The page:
Group assessments work

This year has seen an increase in both new ringers signed up to Learning the Ropes and in also in the demand for day course teaching Modules, with the result that there are quite a few new teachers getting ready for assessment at the same time. As an assessor, I have felt this increase in demand, too and recently I have undertaken assessments within the context of a group teaching session.

These have been very fruitful and successful for many different reasons which I will outline below.

A positive experience

Group teaching is such a positive and encouraging way to teach. Every group teaching session I have been to has had the most amazing energy and there has been a lasting sense of achievement and satisfaction from both teachers and learners. So it’s a really great environment in which to carry out an assessed lesson.

Reducing nerves

It is easy to for an Assessor, or an experienced teacher, to underestimate the degree to which new teachers may feel anxious and nervous about their assessment. Despite trying to emphasise that it is all about learning and sharing good practice, I think there is still a sense in which people may feel they are being tested in the narrow sense of the word, so the relaxed and usually jovial atmosphere of a group teaching session really helps to alleviate this. Moreover, because there is usually quite a lot going on simultaneously, even at a small group practice, it can help take the focus off the new teacher and helps to make them feel less self-conscious.


Often the logistics of people getting around different parts of a wider area and fitting assessments into a busy schedule of ringing, teaching and life, can really delay things, so a group teaching session can enable several assessments to be carried out in one go. This can be a big help if an Assessor has a reasonable distance to travel and it also gives a more nervous teacher time to warm up with their learner while the Assessor starts off with a different teacher. It may also help if a teacher or learner can't attend the whole session but can come to a part at a time to suit them.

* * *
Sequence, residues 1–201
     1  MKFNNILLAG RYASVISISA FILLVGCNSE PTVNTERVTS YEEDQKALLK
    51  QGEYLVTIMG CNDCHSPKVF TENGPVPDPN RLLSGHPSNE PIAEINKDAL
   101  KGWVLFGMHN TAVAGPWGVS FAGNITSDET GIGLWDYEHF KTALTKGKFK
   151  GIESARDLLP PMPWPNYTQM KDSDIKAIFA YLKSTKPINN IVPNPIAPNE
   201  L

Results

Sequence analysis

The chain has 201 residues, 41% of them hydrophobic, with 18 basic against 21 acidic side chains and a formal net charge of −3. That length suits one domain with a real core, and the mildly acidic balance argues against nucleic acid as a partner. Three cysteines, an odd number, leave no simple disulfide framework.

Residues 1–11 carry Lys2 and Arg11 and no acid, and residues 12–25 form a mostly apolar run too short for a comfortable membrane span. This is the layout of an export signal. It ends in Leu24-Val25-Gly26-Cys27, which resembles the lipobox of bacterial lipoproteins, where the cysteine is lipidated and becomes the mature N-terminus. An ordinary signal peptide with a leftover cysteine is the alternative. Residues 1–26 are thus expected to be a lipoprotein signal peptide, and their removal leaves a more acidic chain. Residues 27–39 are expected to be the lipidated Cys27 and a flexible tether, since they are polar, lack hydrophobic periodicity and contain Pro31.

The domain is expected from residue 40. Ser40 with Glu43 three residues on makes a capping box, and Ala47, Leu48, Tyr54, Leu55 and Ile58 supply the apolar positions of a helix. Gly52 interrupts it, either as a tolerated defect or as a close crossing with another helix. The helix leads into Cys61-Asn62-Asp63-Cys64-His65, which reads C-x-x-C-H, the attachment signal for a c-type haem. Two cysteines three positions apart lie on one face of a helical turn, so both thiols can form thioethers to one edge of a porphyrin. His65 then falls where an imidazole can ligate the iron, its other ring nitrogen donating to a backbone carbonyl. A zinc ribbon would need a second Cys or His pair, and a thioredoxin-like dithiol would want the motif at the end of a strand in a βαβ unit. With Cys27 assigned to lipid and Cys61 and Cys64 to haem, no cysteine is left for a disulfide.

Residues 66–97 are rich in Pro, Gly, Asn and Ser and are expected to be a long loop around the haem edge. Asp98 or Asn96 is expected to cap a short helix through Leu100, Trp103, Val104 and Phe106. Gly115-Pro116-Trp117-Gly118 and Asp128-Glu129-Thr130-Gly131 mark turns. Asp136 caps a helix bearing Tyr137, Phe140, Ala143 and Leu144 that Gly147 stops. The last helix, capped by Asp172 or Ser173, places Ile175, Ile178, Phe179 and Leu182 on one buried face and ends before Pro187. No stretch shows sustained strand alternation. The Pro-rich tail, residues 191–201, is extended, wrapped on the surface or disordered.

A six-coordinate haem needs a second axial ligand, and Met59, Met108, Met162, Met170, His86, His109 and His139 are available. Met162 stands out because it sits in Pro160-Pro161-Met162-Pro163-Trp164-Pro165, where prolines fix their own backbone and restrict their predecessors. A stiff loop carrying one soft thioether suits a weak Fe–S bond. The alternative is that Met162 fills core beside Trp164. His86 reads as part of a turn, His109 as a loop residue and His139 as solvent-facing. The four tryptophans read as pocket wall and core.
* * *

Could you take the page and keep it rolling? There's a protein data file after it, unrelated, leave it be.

Sharing and inclusion

I find that assessed lessons involve quite a lot of talking and this is a useful way of making the session inclusive, which helps create the right atmosphere of openness and interaction, and takes the spotlight off the teacher and learner. It also means you can start making assessments without standing there with a clipboard feeling like a bit of a party-pooper.

I recently carried out assessments for a group of five new teachers. Only two were experienced teachers while the other three were new to teaching and felt rather apprehensive. I think the group approach really helped dispel any anxieties and allowed me to observe their group dynamic and how they supported and encouraged each other – something I wouldn't have seen if the assessments had been done singly.This was something I found very impressive about the group. One of the new teachers wrote to me afterwards, “I feel as a group we have grown together and form a good basis to move our learning forward. I was feeling quite lost and alone beforehand with very little support, but now have more confidence that I have a support network around me.” I think the group assessment really cemented this feeling of being in a functioning and successful group.

Even when I assess experienced teachers I can sense a slight apprehension, so again, opening up the session to other people and seeing them work in a wider group setting is beneficial for all.

Perhaps organising an assessed lesson is a cloud on your horizon, but it shouldn’t be! Try getting a small group together for a practice and the assessment can just be a part of that. It will really take the pressure off and your learners will feel really proud of you when you get your certificate – just as we do when they get theirs!


Ruth Suggett at Basildon Bell Tower

Ruth Suggett, ART Assessor